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- Author or Editor: G.L. Reighard x
Peach trees exposed to `Ta Tao' vegetative chip bud grafts have been shown to have physiological changes that include bloom delay, delayed maturity, reduced shoot vigor, and early autumn defoliation. `Ta Tao' is known to be infected with the graft transmissible agent Peach Latent Mosaic Viroid (PLMVd). PLMVd has been associated with bloom delay and reduced shoot vigor. `Coronet' peach trees planted in a high-density, Y-trained orchard system were treated with vegetative chip buds from `Ta Tao'. Transmission of PLMVd was confirmed in the treated trees by cRNA probe hybridization. A shoot forcing study was set up to determine if exposure to `Ta Tao' would alter the chilling requirement of `Coronet' peach. Terminal fruiting shoots were collected periodically during the dormant season from 8 Jan. 1999 to 19 Feb. 1999, which represented a range of chill hour accumulation from 574 to 927, respectively. Shoots were forced in a greenhouse, and chilling requirement was considered complete when 50% of the flowers opened. Chilling requirement was not changed by exposure to `Ta Tao' chip buds. The number of days required for shoots to bloom was significantly and consistently longer for the `Ta Tao' treated trees. The number of shoots responding to forcing conditions was significantly less in the treated trees. The data suggest that the graft transmissible effects from `Ta Tao' buds increased the growing degree hours required for `Coronet' leaf and flower bud emergence after rest completion under greenhouse forcing conditions.
Peach [Prunus persica (L.) Batsch (Peach Group)] trees bloom in response to chilling and postrest heat accumulation. The peach cultivar Coronet exposed to a graft-transmissible, infectious agent known as peach latent mosaic viroid (PLMVd) blooms at a different time than noninoculated trees of the same cultivar. To determine if chilling requirements differed between trees inoculated with PLMVd and noninoculated controls, fruiting shoots collected from the orchard and artificially chilled containerized trees were forced in a greenhouse. Additional artificially chilled containerized trees were forced under constant temperatures in growth chambers to determine if postrest heat accumulation requirements differed. There was no difference in the chilling requirement of the fruiting shoots collected from the field although the shoots exposed to PLMVd had a delayed response and fewer responded to greenhouse forcing conditions. The containerized trees also showed no differences in chilling requirements during winter 1999 or 2000. Trees inoculated with PLMVd had a significant delay in bloom. Growth chamber data revealed a significantly higher base temperature for heat accumulation in the PLMVd inoculated trees.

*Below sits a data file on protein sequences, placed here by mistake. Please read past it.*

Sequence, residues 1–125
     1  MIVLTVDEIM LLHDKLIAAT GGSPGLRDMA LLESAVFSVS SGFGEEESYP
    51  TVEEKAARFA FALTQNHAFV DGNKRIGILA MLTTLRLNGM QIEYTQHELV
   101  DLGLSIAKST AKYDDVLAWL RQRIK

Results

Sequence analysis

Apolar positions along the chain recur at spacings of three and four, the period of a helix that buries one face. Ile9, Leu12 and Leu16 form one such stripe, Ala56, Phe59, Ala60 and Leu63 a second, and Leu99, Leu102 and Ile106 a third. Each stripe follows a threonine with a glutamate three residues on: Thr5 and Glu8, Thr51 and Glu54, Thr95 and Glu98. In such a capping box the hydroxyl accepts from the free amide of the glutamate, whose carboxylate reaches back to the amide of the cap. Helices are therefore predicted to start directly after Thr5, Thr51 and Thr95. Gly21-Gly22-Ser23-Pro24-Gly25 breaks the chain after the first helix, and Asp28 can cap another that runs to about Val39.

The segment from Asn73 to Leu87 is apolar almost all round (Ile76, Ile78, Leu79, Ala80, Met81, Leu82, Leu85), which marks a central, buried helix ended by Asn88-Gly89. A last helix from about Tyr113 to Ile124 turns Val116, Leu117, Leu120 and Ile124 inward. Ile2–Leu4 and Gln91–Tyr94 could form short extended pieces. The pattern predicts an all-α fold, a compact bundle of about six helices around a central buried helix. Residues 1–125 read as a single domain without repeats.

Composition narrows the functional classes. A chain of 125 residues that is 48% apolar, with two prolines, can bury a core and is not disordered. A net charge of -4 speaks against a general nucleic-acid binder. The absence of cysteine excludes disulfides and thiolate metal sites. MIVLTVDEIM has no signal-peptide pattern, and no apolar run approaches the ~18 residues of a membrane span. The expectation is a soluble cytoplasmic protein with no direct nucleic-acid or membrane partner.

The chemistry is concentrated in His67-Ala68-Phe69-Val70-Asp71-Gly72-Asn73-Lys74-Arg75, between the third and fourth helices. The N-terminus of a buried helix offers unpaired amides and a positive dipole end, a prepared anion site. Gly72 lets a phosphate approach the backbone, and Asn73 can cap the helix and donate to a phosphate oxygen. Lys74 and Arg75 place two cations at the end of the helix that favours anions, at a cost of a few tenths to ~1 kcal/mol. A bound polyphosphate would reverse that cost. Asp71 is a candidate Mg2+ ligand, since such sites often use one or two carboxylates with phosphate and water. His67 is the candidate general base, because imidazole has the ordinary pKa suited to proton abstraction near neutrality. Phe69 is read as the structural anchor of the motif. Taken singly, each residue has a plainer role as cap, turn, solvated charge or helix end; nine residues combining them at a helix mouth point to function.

`Evergrowing' (evg) peach is a naturally occurring mutant unable to enter winter dormancy in response to dormancy inducing conditions. The evg mutant is one of only two described mutants affecting winter dormancy in woody perennial trees. The evg mutation segregates as a single recessive gene and previous work by our group has fine mapped the trait between flanking markers separated by 3.3 centiMorgans. This region was physically mapped using a bacterial artificial chromosome (BAC) library from and a contig of overlapping genomic fragments identified. We have utilized several approaches to complete the sequencing of a 132 kilobase region of the peach genome derived from three overlapping BACs that encompass the complete EVG gene containing region. We present here our analysis and annotation of the genomic region, including putative and experimentally verified gene coding sequences. A primary feature of the region is a large tandem duplication of a region containing a MADS-box type DNA binding transcription factor resulting in six similar copies of the gene, all of which appear to be expressed at the mRNA level in wild-type germplasm. Hybridization analysis revealed the presence of a large deletion in the mutant genome. Five of the identified genes fall within the evg mutation and represent new candidates for the control of entrance into winter dormancy.